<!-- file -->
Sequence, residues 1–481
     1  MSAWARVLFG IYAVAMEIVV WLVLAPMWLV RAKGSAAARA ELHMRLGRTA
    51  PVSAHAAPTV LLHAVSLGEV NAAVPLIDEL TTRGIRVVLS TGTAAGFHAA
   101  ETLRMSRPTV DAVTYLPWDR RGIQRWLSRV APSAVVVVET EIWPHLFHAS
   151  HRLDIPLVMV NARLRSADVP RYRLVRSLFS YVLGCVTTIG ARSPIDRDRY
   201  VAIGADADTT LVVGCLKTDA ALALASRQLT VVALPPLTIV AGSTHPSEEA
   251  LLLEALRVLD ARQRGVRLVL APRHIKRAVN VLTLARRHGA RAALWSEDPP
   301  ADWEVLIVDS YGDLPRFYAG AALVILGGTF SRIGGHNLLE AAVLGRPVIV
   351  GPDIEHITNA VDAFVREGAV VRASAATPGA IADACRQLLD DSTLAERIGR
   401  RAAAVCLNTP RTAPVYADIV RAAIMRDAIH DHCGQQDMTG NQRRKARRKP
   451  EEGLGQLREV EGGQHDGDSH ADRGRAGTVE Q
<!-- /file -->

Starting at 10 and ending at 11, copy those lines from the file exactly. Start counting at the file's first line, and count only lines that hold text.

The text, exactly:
   401  RAAAVCLNTP RTAPVYADIV RAAIMRDAIH DHCGQQDMTG NQRRKARRKP
   451  EEGLGQLREV EGGQHDGDSH ADRGRAGTVE Q